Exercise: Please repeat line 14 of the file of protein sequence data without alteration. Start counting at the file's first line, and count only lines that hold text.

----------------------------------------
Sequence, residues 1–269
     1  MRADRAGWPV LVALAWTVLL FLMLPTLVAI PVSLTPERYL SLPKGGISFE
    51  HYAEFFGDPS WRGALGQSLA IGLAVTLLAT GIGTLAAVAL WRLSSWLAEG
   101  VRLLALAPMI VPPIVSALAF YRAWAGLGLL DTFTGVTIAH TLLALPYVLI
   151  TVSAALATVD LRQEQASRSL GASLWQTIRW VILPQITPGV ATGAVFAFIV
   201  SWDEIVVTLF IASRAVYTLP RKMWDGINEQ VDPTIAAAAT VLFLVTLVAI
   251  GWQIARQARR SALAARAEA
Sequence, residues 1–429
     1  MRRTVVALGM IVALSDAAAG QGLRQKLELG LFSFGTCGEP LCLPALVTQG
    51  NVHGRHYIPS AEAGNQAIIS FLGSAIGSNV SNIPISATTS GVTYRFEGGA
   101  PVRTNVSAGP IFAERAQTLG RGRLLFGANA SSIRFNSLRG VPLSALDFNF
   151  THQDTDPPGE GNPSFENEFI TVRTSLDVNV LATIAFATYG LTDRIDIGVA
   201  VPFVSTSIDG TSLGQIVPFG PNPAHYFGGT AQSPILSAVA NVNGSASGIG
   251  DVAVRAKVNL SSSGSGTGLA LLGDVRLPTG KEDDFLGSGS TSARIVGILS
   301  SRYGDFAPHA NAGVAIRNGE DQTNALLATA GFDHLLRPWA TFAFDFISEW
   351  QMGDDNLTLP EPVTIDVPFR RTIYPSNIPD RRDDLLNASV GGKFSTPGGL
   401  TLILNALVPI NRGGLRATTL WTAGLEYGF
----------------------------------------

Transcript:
   251  DVAVRAKVNL SSSGSGTGLA LLGDVRLPTG KEDDFLGSGS TSARIVGILS